A busy day started out with my getting up late.  Last night some band was playing about 3-4 blocks away on an outdoor stage.  I couldn't hear the music but I could definitely "hear" the bass sound.  Then at 11 pm fireworks because the team won.  Not being a baseball fan, I didn't even know they were playing.  Anyway, I slept in late.

But I'm so glad I didn't miss my first session.  The room was full, even at 8 am on Saturday morning.  Patricia Wells Stamm spoke on "Railroad Men and the Records They Left Behind."  Using the records may not be difficult IF you can find them.  This was a great presentation with some good references.

Next I was torn between two courses.  I attended "Indirect Evidence:  What To Do When Perry Mason Isn't on Your Side" by Harold Henderson.  Not a lot of new information here, but I loved the t-shirts on his slide that said "Department of Hints."  I often wish there was a service desk in the next room.

I ordered the CD for Elizabeth Shown Mills' "Information Overload?" and attended the session by Laura Murphy DeGrazia on "Should You Believe Your Eyes?  Sizing Up Sources and Information."  She provided some of the most concise definitions of Source, Information and Evidence that I've seen.  I would have liked the talk to be a little more at the intermediate level, but that's just me.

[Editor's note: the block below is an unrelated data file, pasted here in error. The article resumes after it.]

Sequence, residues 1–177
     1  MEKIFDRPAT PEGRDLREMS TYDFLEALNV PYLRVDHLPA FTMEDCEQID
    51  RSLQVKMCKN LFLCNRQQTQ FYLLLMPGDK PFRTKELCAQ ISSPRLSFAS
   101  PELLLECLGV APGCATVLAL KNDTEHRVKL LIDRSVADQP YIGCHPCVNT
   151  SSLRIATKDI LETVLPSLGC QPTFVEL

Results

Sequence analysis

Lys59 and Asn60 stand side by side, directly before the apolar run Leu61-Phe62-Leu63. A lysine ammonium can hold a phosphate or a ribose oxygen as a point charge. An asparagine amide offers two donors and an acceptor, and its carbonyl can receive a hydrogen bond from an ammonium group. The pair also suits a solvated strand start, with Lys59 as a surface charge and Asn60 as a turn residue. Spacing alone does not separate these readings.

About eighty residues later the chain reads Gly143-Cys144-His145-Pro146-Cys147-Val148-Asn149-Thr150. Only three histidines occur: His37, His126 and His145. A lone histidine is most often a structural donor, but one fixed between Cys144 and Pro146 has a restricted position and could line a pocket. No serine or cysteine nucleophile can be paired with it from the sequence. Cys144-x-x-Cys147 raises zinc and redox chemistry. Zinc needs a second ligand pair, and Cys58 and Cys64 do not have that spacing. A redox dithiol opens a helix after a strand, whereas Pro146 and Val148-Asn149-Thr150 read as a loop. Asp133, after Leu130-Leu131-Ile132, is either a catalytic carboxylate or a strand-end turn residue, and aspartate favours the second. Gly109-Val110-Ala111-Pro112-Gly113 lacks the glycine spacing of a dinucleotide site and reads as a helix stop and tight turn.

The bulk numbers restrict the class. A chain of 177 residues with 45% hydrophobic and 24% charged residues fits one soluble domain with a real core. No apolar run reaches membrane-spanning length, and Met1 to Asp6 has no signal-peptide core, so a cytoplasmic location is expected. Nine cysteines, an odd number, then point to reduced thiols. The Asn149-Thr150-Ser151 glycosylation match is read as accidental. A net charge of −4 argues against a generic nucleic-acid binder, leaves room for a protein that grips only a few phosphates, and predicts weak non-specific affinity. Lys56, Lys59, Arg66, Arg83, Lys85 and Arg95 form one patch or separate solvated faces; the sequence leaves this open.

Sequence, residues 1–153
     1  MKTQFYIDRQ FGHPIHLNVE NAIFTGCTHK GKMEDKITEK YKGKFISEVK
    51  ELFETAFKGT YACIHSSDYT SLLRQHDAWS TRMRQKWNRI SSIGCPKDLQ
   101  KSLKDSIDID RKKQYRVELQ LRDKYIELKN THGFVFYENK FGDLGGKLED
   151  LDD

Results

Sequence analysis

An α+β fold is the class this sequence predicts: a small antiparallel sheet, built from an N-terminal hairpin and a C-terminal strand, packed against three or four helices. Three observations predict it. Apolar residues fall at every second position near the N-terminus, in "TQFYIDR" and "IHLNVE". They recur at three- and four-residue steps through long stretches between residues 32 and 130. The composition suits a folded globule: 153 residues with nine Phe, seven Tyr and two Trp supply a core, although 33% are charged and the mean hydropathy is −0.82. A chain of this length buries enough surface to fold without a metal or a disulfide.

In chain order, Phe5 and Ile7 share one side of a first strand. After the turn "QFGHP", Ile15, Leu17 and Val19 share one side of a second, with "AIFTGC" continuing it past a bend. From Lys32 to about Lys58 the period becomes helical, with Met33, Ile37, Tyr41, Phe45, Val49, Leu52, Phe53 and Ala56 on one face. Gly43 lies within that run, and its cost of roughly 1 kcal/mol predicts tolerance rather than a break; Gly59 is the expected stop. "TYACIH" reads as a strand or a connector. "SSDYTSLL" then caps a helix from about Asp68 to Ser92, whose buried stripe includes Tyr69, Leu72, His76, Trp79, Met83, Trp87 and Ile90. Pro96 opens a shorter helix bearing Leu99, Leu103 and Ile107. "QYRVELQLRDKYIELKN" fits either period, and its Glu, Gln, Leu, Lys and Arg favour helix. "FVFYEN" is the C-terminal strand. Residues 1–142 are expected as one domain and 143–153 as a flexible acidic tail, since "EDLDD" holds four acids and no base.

During and after lunch there seemed to be a lot of discussion about how uncomfortable the chairs were in the conference rooms.  Lots of us were having hip and back problems.  I don't know how these chairs were different, but it seemed like more of us were uncomfortable.  But, then there are only 2 more sessions.  I can do this.

So on the "Online State Resources for Genealogy" by Michael Hait.  Michael said he has subscriptions to all  of the major web sites, but he was going to talk about those "other" places to look.  He provided a few specific web sites but then also suggested that we look at county government web sites and reminded us that some counties have archives.  He also suggested looking at branches of county governments for possible probate and land record indexes online, and then university and public libraries.

The last session of the last day:  Rev. David McDonald filled in for another speaker who had a family emergency.  So there were no pages in the syllabus and he lost the file for this presentation.  He couldn't find it on his computer.  Well, if you think this was going to be horrible, you're wrong.  David's topic was "Top 10 Tips to Concluding Effective Research."  A syllabus was passed out that listed and explained 10 tips.  For me, this was a perfect way to end the NGS 2012 conference. A way to decide when "enough is enough."